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We will by away for the winter and will return in June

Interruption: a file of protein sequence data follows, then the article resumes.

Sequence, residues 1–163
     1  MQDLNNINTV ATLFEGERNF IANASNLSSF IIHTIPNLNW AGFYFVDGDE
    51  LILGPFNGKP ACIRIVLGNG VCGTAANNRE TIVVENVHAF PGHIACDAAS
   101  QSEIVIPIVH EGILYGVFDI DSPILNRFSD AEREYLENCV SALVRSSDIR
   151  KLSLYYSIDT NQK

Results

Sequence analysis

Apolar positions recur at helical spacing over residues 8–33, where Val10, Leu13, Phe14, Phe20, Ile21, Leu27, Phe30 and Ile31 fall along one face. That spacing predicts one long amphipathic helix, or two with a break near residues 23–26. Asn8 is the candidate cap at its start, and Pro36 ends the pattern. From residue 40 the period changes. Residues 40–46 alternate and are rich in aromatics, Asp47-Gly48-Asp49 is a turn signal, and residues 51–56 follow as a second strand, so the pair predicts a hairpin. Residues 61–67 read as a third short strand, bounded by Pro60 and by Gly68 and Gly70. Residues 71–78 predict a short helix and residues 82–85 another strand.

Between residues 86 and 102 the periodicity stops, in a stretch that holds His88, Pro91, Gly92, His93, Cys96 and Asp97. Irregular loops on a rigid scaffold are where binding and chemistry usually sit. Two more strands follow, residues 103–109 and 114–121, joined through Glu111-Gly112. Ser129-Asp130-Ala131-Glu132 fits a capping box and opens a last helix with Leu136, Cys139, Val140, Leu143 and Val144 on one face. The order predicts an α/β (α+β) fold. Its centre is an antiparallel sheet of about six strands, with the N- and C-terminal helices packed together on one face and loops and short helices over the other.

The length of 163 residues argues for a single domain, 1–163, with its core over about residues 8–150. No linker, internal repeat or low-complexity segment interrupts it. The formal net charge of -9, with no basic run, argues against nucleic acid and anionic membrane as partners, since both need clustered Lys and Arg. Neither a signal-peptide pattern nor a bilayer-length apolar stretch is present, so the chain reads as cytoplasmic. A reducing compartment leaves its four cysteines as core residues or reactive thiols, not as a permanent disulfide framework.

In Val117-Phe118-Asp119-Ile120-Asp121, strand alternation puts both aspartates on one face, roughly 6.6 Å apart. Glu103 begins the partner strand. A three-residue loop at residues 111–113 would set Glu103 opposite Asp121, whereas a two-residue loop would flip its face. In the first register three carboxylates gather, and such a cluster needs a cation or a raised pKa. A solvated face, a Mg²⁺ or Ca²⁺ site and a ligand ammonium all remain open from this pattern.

Casas Grandes (Paquime) is a prehistoric archaeological ruin in Chihuahua, Mexico. It the early 1970's, a Mexican railroad worker named Juan Quezada began reproducing pottery in the authentic traditions of Casas Grandes. Today his pots are in the permanent collections of the Smithsonian, and he is the foremost living ceramic artist in Mexico. Most of Juan's family and over 300 other households in his village (Mata Ortiz) now follow in his path. The pots are formed by the potter's hands, no potter's wheel is used. The clay is obtained locally with a pick axe and shovel, as are the paints. Nothing is store bought. The pottery is dung fired on the ground, not in a kiln. Last, each piece is signed by the artist. Casas Grandes (Mata Ortiz) pottery began as a revival of a prehistoric ceramic traditional but has developed an artistic style, unique among the ceramic arts.

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